Non-Alcoholic Steatohepatitis (NASH)

Overview of NASH

NASH is a severe type of non-alcoholic fatty liver disease, or NAFLD. NAFLD is the most common liver disease and is associated with obesity and type-2 diabetes. It is characterized by the accumulation of fat in the liver with no other apparent causes. NASH occurs when the accumulation of liver fat is accompanied by inflammation and cellular damage. The inflammation can lead to fibrosis (scarring) of the liver and eventually progress to cirrhosis, portal hypertension, liver cancer and eventual liver failure. Once the disease advances beyond NASH to these life-threatening conditions, liver transplantation is the only alternative.

Epidemiology of NASH

The rising prevalence of obesity-related disorders has contributed to a rapid rise in the prevalence of NASH. In the United States, NASH affects an estimated 9 million to 15 million people, or 3 to 5 percent of the population, with similar prevalence in the EU and China. Driven by the obesity epidemic, NASH is projected to become the leading cause of liver transplants by the year 2020.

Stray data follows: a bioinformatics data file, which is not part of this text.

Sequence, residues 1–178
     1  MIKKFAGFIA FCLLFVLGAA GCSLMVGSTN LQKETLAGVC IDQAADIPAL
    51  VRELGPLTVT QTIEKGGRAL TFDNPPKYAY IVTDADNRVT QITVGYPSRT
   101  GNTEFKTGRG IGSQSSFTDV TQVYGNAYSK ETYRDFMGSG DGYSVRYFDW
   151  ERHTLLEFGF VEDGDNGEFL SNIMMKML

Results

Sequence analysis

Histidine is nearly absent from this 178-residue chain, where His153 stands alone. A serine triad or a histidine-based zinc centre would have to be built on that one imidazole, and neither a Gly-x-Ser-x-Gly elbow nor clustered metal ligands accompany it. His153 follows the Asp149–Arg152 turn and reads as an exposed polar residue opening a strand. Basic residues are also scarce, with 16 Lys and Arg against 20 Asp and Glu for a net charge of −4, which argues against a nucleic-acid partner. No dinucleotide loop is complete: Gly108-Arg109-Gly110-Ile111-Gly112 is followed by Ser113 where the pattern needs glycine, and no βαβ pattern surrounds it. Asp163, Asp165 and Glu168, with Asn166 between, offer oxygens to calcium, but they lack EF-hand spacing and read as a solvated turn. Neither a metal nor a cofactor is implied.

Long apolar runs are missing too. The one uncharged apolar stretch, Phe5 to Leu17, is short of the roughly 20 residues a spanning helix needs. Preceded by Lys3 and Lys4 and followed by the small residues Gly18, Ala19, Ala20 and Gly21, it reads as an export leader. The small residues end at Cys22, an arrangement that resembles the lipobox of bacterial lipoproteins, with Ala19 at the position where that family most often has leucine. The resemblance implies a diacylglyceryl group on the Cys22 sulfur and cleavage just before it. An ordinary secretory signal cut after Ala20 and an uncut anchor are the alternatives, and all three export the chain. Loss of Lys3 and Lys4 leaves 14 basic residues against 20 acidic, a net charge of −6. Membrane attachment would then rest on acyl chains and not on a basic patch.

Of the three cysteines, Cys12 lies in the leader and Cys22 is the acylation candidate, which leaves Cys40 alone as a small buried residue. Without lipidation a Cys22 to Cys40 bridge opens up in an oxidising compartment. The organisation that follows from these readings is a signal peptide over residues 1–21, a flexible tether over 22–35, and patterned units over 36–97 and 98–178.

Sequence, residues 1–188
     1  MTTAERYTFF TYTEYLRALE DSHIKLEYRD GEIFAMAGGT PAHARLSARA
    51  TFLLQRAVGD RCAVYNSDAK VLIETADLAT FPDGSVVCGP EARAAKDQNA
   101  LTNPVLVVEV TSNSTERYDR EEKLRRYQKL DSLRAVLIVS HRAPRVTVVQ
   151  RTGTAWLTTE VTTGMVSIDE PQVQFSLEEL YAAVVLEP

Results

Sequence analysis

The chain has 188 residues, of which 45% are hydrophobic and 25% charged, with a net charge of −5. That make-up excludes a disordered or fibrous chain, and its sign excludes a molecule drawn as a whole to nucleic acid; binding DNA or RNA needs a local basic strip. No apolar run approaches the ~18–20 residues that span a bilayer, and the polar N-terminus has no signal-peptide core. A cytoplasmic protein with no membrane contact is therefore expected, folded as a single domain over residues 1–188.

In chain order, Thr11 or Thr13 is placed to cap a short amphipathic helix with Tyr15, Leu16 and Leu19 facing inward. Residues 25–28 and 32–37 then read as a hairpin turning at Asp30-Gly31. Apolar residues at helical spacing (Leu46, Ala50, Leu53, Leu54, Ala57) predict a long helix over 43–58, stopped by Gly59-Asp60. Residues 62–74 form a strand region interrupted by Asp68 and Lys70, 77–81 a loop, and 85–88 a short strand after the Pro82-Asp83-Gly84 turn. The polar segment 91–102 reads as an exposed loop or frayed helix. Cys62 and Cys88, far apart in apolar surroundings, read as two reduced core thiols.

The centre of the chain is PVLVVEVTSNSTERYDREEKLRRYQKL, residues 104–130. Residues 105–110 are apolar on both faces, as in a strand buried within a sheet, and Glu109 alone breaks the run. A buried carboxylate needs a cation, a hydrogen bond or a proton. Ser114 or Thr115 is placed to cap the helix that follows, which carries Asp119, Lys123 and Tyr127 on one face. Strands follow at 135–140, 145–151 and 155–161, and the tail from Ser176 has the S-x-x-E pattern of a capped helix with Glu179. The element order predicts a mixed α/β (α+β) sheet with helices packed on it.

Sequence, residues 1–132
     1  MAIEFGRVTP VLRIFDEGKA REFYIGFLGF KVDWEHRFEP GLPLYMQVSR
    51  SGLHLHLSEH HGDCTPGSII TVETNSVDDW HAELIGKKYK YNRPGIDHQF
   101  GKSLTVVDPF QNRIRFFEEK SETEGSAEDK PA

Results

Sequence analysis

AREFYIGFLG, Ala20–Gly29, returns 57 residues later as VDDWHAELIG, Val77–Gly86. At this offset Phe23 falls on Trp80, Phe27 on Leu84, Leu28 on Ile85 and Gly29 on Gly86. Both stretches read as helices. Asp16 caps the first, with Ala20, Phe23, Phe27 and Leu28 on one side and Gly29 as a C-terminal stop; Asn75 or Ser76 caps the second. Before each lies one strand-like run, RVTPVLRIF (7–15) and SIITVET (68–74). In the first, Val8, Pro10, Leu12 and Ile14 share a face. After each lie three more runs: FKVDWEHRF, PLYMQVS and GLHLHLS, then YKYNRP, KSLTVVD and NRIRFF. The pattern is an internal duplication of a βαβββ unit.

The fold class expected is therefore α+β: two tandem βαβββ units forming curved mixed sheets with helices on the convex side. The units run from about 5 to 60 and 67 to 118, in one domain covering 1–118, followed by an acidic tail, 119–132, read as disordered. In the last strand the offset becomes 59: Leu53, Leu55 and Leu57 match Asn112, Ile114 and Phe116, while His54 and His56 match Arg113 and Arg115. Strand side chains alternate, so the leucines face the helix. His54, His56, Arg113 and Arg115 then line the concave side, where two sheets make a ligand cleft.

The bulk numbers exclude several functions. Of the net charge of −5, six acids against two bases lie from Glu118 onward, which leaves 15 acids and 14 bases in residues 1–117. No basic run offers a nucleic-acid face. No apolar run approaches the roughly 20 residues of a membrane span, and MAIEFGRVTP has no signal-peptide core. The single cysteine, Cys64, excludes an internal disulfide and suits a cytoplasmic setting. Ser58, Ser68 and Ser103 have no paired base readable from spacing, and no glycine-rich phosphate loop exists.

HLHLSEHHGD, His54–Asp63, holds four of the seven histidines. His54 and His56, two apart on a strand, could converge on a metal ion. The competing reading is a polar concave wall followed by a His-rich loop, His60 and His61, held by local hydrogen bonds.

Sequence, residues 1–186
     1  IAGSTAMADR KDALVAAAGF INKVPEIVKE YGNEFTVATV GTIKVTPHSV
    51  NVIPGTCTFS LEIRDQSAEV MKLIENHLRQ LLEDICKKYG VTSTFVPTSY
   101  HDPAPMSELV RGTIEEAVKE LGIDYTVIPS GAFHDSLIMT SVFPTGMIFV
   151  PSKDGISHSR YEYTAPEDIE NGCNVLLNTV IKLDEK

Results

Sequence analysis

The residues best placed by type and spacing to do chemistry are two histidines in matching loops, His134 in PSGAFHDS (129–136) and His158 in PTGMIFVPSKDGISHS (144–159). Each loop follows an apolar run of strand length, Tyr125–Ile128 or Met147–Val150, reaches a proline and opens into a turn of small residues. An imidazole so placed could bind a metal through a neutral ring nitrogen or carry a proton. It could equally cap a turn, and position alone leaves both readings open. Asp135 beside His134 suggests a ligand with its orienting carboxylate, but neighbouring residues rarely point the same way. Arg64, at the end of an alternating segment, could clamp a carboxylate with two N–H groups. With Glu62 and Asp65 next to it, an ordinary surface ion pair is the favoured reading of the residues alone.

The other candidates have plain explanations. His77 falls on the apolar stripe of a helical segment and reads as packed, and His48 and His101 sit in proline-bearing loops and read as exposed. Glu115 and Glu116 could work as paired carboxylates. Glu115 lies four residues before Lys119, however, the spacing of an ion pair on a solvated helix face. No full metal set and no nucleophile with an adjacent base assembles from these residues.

Treatment

Currently no therapies are approved for the treatment of NASH

Recent scientific advances in understanding NASH have led to the development of investigational drugs with the potential to address the disease through various mechanisms, but Tobira believes that it is the only developer that is targeting the immuno-inflammatory pathways responsible for fibrosis in NASH with CCR2/CCR5 inhibition.

Symptoms

NASH is often termed a silent killer as there are minimal symptoms. In later stages of the disease patients report symptoms of fatigue, weight loss and weakness.

The highest prevalence of NASH is in men between the ages of 40 and 65. Factors that can increase the likelihood of suffering from NASH includes increasing age, obesity, and type-2 diabetes.

Diagnosis

In order to definitively confirm NASH a liver biopsy is required. There are a number of factors that may be helpful in determining if you have NASH.

  • A history of abnormal levels of aspartate aminotransferase (AST) and alanine aminotransferase (ALT)
  • Presence of obesity, especially morbid obesity (BMI >35)
  • Diagnosis of type 2 diabetes mellitus
  • Diagnosis of metabolic syndrome
  • History of obstructive sleep apnea
  • Presence of insulin resistance
  • Chronic elevation of AST/ALT, otherwise unexplained.

Current Activities

We are studying CVC, an investigational product, intended for the treatment of patients with NASH with liver fibrosis.

We are sponsoring a fully enrolled Phase 2b study of CVC

CENTAUR demonstrated a clinically and statistically significant improvement in fibrosis of at least one stage without worsening of NASH after only one year of treatment. 

Topline results from the study were discussed on a conference call on August 9, 2016. The press release announcing the results can be found here.

External Resources

You can find more information about NASH on these websites:

American Liver Foundation

British Liver Trust